Dartmouth halts $200 million project after excavation goes awry

  • Dartmouth College has temporarily halted work on a new $200 million building. Jennifer Hauck / Valley News

Valley News
Published: 6/28/2019 5:51:50 PM

Dartmouth College has halted work on a new $200 million building for its engineering school after construction workers dug and braced a 70-foot-deep hole that differed from the intended layout.

All foundation work on the new Center for Engineering and Computer Science, which includes a 340 vehicle parking garage, has been temporarily suspended, Dartmouth said on Thursday, as the college considers its options.

“The northern soil retention structure at the Thayer/Computer Science building site has been placed 10 feet south of the intended location. The college has informed the town and is working with Turner Construction and outside design professionals to evaluate our options,” Dartmouth spokeswoman Diana Lawrence said via email. “There are no safety issues related to the matter.”

The project on the so-called “west end” of campus is to include a new building housing the Thayer School of Engineering as well as computer sciences for Dartmouth. It also is to include the Magnuson Center for Entrepreneurship and Dartmouth’s electron microscope facility.

Work began on the 160,000-square-foot building this winter, and Turner Construction Co., a national firm based in New York City, discovered the mistake as it prepared to install a tower crane at the worksite, Dartmouth said on its website.

Lawrence said the hole is the right size, but placed 10 feet too far to the south. She said Dartmouth is taking steps to “ensure the financial impact to Dartmouth is minimized” and hopes to have a better sense of the costs and effect on the project schedule in the coming weeks.

“We are in the process of investigating how the error occurred. We have assembled a core group of internal and external representatives with design, project management and legal expertise and will know more in the coming weeks,” she said.

Emails and a phone message sent to Turner’s national headquarters on Thursday were not returned.

The error puts the excavated area farther than intended from the adjacent MacLean Engineering Sciences Center. Dartmouth’s plans include changing that portion of nearby Engineering Drive to a roadway only accessible to pedestrians, emergency vehicles and students as they move in and move out.

Lawrence said the college’s options “could include additional excavation work to place the building as originally intended or a change in building location to fit the area already excavated.”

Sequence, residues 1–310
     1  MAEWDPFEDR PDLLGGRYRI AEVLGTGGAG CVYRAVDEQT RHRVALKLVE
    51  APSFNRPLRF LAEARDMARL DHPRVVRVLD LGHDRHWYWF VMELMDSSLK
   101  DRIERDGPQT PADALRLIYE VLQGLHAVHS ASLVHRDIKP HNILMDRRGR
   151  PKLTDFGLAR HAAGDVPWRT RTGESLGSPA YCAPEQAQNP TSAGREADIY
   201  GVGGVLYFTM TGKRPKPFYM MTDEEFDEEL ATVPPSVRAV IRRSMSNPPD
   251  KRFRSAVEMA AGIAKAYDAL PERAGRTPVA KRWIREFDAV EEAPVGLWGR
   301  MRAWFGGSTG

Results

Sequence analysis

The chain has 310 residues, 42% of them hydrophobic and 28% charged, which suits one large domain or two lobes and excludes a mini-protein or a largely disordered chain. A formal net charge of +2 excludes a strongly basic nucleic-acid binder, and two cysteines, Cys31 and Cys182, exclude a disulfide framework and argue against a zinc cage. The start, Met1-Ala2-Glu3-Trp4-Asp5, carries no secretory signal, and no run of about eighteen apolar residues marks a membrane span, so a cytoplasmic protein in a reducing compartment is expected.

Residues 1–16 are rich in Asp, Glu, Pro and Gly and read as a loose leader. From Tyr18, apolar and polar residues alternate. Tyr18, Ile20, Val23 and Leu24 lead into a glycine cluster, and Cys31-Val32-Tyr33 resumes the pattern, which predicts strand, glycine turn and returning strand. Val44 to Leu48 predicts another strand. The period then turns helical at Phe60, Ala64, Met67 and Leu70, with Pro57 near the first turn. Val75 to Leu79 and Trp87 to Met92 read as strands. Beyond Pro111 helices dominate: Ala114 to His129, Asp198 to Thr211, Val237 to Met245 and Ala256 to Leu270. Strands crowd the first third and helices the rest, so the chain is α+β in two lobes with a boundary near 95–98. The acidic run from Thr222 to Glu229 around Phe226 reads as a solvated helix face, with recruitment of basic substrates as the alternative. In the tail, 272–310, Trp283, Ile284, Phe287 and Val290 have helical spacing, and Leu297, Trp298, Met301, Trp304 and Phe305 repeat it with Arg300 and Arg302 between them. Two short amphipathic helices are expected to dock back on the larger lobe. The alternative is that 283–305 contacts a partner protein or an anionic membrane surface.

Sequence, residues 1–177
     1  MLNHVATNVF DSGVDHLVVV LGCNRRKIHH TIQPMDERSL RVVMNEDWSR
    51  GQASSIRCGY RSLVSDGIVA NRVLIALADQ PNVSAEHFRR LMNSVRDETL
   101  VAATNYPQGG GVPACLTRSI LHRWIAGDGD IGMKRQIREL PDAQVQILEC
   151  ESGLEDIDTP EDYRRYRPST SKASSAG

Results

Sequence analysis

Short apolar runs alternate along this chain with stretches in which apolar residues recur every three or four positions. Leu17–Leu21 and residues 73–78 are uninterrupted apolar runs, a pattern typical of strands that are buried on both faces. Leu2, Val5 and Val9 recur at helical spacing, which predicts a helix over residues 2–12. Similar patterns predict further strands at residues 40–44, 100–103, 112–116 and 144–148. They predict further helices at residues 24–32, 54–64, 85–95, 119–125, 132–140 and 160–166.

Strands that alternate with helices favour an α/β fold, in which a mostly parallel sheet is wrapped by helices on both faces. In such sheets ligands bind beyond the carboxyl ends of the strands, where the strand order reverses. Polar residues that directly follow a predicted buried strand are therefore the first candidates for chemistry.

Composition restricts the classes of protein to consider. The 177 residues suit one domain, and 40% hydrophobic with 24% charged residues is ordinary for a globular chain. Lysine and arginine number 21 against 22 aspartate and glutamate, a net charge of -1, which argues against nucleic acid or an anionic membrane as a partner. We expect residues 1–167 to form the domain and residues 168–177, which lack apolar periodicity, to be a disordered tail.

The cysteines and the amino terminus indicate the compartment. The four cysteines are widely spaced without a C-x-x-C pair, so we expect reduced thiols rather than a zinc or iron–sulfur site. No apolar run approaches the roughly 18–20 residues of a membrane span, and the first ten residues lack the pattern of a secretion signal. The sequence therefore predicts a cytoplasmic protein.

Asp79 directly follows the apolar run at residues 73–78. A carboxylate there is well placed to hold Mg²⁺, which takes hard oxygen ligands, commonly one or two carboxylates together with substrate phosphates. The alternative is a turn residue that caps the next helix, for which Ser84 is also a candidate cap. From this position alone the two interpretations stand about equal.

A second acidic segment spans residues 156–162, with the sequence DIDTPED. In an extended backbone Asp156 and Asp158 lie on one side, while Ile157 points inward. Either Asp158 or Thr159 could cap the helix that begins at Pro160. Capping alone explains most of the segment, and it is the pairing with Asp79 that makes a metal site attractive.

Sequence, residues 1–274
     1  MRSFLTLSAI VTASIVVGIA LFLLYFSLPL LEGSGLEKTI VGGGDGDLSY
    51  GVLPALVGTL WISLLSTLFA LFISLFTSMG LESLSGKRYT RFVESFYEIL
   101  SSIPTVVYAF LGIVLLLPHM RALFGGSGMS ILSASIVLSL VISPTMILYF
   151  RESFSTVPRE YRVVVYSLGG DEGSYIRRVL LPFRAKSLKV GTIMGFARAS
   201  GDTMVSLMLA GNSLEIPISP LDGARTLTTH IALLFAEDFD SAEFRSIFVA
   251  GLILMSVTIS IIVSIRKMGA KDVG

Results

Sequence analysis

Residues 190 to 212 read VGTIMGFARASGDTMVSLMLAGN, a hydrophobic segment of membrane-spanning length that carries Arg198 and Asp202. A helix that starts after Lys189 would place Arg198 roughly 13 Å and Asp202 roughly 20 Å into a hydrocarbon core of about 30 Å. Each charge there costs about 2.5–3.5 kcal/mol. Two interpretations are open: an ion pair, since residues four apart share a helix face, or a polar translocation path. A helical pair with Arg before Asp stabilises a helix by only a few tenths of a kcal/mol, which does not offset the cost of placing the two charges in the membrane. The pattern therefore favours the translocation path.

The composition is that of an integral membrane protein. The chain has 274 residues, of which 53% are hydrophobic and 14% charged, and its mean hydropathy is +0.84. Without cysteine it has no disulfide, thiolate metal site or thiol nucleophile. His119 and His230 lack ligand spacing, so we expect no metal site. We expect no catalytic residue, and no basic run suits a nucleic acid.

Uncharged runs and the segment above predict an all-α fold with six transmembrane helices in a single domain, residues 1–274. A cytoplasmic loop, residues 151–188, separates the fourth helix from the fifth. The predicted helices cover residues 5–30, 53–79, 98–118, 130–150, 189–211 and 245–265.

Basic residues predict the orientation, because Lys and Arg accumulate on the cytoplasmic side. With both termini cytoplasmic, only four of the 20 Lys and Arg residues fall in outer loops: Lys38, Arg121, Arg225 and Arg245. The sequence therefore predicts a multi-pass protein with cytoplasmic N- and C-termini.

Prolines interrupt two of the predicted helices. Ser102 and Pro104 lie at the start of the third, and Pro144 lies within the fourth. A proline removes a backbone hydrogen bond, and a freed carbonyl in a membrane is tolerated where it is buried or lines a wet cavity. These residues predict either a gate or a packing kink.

But both come with caveats.

Robert Houseman, Hanover’s director of planning, zoning and codes, said Dartmouth officials talked about possible options but had not said what they might do.

Houseman said he didn’t want to speculate but a different footprint for the building could require Dartmouth to resubmit plans to the Planning Board.

“If a building were to move in a way that alters the lighting, the road-drive grading, the proximity to neighborhoods, all of that would be subject to Planning Board approval,” Houseman said.

Hanover’s Planning Board has a meeting scheduled for mid-July, and then under its summer routine wouldn’t meet again until Aug. 27.

Meanwhile, trying to adjust the size of the excavated area, which is currently held in place by interlocking sheet piling, could be costly.

Frank “Jay” Barrett, an architect in White River Junction, said site work on major projects “has become extraordinarily expensive” and complex over the years, and he said fixing the error could “get into seven-digit figures.”

Because of the depth of the hole, which will house the three-level parking garage, the steel sheet piling is holding back “a tremendous amount of soil pressure,” and trying to move it would be no small feat, said Barrett, who grew up in Hanover and lives in Fairlee.

“It’s not just ‘Okay, we need to dig the hole a little bit bigger,’ ” said Barrett, who has worked on smaller projects for Dartmouth in the past but is not involved in this one. “There’s no simple way to deal with this thing.”

Dartmouth’s website includes a link to a time-lapse video of much of the work.




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